WASHINGTON — National Oceanic and Atmospheric Administration (NOAA) forecasters are calling for a busier hurricane season than initially forecast, according to a press release.

Forecasters with NOAA’s Climate Prediction Center have revised their initial forecast from May, increasing the chance of an above-normal Atlantic hurricane season from 30% to 45%.

Hurricane season runs through Nov. 30. Its peak months are August through October.

Forecasters are now expecting 10-17 named storms, with 5-9 forecast to become hurricanes and 2-4 to become major hurricanes (a major hurricane is one with winds in excess of 111 miles per hour).

On average, the Atlantic hurricane season produces 12 named storms, of which six become hurricanes, including three major hurricanes.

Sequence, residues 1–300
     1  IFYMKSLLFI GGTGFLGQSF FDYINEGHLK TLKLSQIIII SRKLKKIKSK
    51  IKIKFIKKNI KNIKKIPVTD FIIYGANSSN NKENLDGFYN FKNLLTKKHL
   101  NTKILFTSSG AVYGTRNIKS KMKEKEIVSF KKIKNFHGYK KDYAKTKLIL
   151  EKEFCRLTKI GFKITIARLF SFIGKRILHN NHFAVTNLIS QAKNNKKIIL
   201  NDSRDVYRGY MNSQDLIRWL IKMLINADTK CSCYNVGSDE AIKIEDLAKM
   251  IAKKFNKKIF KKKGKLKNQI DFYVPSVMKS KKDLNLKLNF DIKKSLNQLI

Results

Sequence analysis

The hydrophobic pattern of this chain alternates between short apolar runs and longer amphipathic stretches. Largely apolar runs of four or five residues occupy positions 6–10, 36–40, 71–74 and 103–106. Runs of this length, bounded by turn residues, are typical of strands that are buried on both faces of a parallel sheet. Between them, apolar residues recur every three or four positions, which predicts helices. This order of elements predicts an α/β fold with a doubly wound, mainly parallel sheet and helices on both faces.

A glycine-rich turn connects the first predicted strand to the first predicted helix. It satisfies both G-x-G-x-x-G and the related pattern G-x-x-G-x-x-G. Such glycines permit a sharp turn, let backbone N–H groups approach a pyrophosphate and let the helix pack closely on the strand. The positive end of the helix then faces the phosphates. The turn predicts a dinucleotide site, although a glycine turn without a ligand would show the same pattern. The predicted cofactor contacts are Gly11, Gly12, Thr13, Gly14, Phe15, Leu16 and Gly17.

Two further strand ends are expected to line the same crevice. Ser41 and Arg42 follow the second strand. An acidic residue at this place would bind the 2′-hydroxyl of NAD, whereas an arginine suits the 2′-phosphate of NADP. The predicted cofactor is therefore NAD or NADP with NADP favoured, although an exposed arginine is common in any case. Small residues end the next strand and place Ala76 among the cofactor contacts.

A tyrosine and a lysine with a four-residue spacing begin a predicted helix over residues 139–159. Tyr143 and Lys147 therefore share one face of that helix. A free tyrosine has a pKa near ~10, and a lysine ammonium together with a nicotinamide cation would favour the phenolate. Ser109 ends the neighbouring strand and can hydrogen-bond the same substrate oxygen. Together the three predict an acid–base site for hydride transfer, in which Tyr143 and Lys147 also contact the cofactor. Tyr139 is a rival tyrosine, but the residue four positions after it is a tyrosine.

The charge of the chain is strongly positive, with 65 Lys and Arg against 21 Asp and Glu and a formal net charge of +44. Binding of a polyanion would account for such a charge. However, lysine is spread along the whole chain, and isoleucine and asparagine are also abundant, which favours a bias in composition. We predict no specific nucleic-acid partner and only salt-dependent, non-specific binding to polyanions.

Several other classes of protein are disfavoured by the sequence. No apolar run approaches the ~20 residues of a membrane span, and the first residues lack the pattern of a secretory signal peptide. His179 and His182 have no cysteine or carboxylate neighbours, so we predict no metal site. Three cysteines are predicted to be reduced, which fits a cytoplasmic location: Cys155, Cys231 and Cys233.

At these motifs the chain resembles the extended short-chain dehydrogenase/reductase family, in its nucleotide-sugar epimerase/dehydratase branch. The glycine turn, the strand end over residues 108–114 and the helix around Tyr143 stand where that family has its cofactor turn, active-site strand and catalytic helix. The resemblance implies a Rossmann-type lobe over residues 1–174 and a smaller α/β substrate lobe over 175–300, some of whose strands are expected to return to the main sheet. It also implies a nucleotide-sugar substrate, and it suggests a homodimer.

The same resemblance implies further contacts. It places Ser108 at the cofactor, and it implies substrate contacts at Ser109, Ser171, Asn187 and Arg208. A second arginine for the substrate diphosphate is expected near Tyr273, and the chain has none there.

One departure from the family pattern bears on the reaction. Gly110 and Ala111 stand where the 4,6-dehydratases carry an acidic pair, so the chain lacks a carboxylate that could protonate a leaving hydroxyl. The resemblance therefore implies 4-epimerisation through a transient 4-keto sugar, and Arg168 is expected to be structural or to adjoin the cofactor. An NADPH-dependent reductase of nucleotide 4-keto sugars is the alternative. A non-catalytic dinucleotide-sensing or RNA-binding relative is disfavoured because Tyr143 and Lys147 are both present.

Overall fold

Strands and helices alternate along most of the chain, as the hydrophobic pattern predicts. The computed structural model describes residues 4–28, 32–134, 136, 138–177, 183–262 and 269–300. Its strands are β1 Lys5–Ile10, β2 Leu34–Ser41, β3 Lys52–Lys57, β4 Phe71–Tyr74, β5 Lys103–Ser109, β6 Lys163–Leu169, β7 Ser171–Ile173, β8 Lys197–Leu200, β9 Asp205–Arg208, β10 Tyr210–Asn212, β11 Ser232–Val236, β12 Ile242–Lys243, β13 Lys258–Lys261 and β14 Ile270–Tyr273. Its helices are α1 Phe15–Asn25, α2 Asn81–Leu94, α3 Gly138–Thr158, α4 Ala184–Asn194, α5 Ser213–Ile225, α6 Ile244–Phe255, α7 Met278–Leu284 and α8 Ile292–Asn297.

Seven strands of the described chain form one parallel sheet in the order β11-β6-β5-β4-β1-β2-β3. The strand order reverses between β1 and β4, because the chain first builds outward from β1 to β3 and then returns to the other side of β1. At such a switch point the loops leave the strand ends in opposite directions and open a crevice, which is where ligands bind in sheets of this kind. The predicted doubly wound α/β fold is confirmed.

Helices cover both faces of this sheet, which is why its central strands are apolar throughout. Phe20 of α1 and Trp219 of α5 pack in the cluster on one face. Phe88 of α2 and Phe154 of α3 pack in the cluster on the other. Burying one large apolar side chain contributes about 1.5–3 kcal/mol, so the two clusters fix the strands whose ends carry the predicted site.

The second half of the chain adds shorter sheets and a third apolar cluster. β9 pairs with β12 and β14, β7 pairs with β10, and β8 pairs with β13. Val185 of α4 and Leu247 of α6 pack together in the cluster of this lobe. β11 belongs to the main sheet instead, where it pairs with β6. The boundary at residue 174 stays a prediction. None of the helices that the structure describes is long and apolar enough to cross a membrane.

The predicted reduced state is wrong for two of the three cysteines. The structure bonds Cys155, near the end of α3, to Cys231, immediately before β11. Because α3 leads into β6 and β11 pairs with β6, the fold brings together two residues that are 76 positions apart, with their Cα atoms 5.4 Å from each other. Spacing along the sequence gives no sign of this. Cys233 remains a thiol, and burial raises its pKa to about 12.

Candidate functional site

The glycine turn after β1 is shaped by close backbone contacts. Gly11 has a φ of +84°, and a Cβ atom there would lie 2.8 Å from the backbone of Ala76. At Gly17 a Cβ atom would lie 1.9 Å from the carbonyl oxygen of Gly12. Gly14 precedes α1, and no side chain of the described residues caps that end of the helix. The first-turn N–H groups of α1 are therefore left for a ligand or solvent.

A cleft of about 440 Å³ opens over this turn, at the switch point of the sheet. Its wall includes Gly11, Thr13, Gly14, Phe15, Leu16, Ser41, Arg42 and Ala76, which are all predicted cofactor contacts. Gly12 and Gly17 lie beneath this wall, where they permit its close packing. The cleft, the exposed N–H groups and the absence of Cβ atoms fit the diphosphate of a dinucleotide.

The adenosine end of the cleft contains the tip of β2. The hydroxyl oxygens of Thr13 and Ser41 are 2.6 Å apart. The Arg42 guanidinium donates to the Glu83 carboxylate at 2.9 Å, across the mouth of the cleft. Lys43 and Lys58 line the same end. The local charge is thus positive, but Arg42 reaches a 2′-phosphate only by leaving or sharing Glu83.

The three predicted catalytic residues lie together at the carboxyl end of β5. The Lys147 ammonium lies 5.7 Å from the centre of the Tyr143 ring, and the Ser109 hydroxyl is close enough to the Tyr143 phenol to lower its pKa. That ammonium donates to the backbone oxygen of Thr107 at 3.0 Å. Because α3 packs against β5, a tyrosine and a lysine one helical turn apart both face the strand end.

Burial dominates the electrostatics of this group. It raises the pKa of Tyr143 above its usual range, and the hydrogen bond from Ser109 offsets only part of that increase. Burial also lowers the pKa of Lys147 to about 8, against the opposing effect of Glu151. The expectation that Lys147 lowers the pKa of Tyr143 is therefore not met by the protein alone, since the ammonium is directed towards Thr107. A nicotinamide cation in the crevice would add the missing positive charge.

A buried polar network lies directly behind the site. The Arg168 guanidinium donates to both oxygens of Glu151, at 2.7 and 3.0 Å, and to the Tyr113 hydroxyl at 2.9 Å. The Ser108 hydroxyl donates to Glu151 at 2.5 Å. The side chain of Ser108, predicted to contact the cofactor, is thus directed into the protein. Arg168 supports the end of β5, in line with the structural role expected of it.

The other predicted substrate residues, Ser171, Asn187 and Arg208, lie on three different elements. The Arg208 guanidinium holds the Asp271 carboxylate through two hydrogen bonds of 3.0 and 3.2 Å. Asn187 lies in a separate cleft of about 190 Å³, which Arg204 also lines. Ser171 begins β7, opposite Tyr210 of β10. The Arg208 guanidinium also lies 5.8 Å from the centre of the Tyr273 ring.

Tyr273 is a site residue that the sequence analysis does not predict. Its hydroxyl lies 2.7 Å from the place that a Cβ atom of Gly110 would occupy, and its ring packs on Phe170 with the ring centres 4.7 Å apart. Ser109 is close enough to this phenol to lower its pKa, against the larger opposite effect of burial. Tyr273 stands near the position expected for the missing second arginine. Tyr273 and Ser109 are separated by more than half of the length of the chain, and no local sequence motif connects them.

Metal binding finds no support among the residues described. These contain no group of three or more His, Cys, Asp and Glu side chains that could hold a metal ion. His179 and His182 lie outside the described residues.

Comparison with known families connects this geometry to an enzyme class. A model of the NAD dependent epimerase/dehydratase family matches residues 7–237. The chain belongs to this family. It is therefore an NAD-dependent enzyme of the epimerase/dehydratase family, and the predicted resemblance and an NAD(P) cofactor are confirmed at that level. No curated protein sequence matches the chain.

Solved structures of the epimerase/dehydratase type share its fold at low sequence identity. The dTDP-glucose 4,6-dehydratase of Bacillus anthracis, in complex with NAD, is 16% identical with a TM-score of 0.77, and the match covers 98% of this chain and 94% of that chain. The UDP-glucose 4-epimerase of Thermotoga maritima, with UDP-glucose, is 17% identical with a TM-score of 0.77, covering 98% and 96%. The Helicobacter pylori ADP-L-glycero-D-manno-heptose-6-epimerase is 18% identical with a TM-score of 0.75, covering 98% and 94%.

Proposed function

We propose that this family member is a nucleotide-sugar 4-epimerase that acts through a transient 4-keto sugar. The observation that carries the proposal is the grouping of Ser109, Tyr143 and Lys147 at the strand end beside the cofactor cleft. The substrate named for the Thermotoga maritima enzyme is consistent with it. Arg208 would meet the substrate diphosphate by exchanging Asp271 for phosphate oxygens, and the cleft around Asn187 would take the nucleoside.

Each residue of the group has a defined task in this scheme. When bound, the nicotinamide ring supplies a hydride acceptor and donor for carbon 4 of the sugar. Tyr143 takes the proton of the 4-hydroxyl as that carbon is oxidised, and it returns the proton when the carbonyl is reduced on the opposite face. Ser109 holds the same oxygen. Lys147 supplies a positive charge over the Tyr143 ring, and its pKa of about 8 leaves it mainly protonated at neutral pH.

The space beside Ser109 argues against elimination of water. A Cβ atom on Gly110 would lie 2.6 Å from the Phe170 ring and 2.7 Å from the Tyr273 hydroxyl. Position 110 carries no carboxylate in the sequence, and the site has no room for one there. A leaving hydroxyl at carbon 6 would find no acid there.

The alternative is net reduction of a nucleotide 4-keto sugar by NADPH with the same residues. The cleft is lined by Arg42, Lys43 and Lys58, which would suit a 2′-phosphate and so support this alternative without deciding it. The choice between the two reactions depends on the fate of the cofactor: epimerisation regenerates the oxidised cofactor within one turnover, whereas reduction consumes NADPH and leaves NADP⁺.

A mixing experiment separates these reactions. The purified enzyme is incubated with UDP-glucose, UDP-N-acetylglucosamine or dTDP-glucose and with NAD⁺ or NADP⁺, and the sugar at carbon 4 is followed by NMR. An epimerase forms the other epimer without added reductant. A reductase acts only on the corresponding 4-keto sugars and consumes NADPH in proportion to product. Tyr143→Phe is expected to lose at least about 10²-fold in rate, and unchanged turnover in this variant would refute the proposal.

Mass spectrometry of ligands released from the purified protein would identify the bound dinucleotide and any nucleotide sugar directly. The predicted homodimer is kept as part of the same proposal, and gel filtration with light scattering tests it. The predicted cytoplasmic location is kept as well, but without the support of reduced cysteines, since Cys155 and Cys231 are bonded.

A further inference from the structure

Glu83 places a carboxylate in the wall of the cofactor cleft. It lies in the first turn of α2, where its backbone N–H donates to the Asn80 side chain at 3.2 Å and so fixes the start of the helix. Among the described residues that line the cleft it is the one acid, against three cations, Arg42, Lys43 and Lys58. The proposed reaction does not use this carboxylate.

“El Nino typically suppresses Atlantic hurricane activity but now that it’s gone, we could see a busier season ahead,” said Gerry Bell, Ph.D., lead seasonal hurricane forecaster at NOAA’s Climate Prediction Center. “This evolution, combined with the more conducive conditions associated with the ongoing high-activity era for Atlantic hurricanes that began in 1995, increases the likelihood of above-normal activity this year.”

“Today’s updated outlook is a reminder to be prepared,” said Pete Gaynor, acting Federal Emergency Management Agency administrator. “We urge everyone to learn more about hurricane hazards and prepare now, ahead of time, so that if state and local authorities announce evacuations in advance of a storm, you and your family will have planned where to go and what to do to stay safe.”

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